People are always surprised when I tell them that Great Britain is the most important import wine market in the world. How is this possible? Britain is so much smaller than the U.S. and the British are known to prefer beer and spirits to wine. How can they be an important wine market?
One part of the answer is that most countries that consume a lot of wine actually produce a lot, too, and so are not necessarily large net importers. This is obviously true of France, Italy and Spain and it’s even true of the United States. Countries that consume in large quantities but aren’t also major producers are rare. Britain’s wine production until recently has been tiny, so most wine is imported wine and that makes their market very important. British wine production is creeping up now, however, driven by global climate change. Rising temperatures are making it possible to produce good and even exceptional wines in Britain. It is said that some British sparkling wines already rival the best of Champagne.
A second piece of the puzzle was revealed to me recently in an excellent book by George Mason economics professor John V.C. Nye called War, Wine, and Taxes: The Political Economy of Anglo-French Trade, 1689-1900 (Princeton University Press, 2007). Professor Nye deals with many interesting topics in this book; I’m going to focus on the wine story here and not try to cover everything.
Britain was not always a beer and spirits culture. Wine was cheap and plentiful in Britain in the middle ages and Britain did in fact have its own vast vineyards for 300 years starting in 1152 because Bordeaux was British territory! The loss of those vineyards and then war with France caused Britain to turn away from French wines to those from Spain and Portugal and then, finally, from wine generally.
Faced with the need to generate war revenue, Britain imposed tariffs on wine imports. Significally, these were not excise tariffs (10% or 20% of value), but specific tariffs (x number of pence per bottle or gallon). Excise tariffs would have had an equal proportionate impact on wines of all prices, but specific tariffs introduced a bias against cheap wine. Suppose that the tariff is $10 per bottle, for example. The effect on a $100 bottle of imported wine is relatively small — the price rises by 10% and demand probably declines somewhat. The impact on a $5 bottle of wine is enormous, however. Its relative price rises prohibitively. Who will pay $15 for a $5 bottle of wine? Its market evaporates.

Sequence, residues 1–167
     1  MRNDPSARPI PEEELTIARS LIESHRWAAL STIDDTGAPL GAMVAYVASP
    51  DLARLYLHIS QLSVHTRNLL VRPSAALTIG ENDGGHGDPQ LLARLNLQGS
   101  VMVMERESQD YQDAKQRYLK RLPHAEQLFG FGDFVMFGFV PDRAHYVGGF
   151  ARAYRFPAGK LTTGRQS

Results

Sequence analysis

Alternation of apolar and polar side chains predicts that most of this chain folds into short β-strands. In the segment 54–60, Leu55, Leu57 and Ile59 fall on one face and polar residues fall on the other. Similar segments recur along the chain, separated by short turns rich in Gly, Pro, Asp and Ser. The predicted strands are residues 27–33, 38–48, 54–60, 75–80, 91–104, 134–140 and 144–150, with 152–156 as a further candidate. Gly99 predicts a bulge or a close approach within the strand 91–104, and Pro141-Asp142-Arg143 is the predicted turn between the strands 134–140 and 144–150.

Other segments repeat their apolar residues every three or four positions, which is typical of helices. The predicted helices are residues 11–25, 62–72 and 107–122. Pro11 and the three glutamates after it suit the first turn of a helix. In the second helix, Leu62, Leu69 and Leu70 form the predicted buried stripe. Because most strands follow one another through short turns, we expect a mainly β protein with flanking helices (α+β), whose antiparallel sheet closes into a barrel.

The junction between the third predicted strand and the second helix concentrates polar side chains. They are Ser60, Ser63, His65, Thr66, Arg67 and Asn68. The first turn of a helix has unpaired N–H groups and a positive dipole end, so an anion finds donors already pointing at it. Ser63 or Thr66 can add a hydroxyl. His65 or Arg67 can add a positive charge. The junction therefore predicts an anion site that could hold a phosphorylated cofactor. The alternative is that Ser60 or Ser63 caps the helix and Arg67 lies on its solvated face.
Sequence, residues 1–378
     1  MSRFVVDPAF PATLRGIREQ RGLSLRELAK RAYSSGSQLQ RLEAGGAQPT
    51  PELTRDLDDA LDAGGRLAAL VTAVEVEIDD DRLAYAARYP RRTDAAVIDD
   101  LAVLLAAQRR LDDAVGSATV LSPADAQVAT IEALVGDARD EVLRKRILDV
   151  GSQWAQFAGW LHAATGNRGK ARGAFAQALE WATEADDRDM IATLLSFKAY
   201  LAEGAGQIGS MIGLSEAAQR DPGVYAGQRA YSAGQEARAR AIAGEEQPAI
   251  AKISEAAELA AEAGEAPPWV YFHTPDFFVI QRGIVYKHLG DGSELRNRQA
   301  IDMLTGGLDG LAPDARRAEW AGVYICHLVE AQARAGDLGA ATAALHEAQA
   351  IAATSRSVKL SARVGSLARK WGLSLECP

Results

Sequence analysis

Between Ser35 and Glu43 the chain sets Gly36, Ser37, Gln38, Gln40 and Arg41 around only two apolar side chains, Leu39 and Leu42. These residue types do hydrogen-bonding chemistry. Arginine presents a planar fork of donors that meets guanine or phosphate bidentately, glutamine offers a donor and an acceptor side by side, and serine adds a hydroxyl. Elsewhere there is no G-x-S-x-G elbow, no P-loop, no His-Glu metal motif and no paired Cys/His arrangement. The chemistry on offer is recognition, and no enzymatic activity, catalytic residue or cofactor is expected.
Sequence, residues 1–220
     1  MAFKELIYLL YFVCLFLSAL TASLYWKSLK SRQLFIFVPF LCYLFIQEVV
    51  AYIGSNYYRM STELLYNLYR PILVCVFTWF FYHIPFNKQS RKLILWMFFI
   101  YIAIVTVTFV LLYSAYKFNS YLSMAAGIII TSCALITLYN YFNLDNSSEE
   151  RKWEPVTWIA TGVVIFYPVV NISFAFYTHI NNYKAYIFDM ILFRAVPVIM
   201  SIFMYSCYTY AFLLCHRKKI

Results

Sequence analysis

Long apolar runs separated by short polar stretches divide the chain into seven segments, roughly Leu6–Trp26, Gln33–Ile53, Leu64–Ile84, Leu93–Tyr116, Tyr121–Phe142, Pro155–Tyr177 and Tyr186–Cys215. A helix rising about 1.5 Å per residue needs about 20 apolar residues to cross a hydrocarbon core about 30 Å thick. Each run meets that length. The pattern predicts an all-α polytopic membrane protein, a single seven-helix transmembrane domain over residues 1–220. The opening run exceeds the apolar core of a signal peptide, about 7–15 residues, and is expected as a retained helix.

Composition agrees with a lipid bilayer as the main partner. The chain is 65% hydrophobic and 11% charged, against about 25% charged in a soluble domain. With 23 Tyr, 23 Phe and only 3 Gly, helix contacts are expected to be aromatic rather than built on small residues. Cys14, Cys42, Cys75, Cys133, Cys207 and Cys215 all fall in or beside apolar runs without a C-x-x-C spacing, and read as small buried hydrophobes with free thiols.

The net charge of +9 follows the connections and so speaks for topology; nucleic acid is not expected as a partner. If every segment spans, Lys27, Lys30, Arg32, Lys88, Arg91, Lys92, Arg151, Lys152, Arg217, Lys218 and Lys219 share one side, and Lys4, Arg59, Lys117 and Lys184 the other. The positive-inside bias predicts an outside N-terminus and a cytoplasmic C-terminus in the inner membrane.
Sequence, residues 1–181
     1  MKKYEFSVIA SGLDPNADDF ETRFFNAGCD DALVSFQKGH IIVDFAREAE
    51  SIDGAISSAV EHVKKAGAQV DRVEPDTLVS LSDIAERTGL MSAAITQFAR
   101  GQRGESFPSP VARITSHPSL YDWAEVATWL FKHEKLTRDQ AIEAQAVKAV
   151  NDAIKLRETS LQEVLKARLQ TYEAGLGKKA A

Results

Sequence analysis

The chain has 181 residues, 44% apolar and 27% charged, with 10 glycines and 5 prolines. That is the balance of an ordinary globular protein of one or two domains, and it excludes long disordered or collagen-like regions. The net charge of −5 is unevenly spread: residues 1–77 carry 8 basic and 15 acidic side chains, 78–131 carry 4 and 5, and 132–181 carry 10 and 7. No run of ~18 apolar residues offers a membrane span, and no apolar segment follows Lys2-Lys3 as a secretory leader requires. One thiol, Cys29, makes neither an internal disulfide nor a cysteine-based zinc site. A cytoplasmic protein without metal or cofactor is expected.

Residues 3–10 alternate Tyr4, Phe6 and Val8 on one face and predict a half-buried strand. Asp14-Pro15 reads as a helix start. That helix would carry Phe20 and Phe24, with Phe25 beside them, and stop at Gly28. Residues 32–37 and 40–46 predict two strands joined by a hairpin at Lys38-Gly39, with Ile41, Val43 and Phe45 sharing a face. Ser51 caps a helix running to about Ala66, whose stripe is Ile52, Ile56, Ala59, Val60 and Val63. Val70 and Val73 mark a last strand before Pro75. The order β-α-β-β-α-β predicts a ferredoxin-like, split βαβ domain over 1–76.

(Note: Transportation costs , which are more or less the same regardless of price, have something of this same effect. This helps explain why that cheap but lovely bottle of local wine you enjoyed in Provence never shows up on your grocers’ shelves here in the U.S.. By the time the transportation costs are paid it would no longer be cheap and you might not find it quite so lovely.)
The British drinks market was thus split in two. Elites continued to drink and collect fine red Bordeaux wines that they called “claret.” The masses switched from wine to now relatively less expensive beer. And Britain acquired its reputation as a beer drinking nation.
Professor Nye argues that British brewers were able to take advantage of technological innovations that allowed for large economies of scale in beer production. Once they had a near monopoly on the British drinks market, they could build huge factories to satisfy the captive demand at low production costs.
An interesting “invisible handshake” arrangement evolved, according to Nye, between the brewers and the revenue-hungry British state. The brewers permitted themselves to by taxed at fairly high rates in return for tariff protection from wine imports, which gave them a large captive market. The economies of scale in brewing were so significant as to make it profitable both for the brewers and for the taxman — so long as cheap wine was kept away.
Britain’s entry in to the Common Market combined with Margaret Thatcher’s later market reforms broke up this nice arrangement and established an environment where British wine demand could return. Britain was required to “harmonize” its wine tariffs with European partners, which removed the bias against popularly priced wines. And the market reforms allowed wine to be sold more widely and competitively, especially through supermarket chains. With wine available and at good prices, Britain’s thirst for the vine returned.
Thus did Britain, once the most important export wine market in the world, become so again because of the cost of war, the nature of specific tariffs, the economics of brewing, Britain’s entry into the Common Market and Mrs. Thatcher’s market reforms.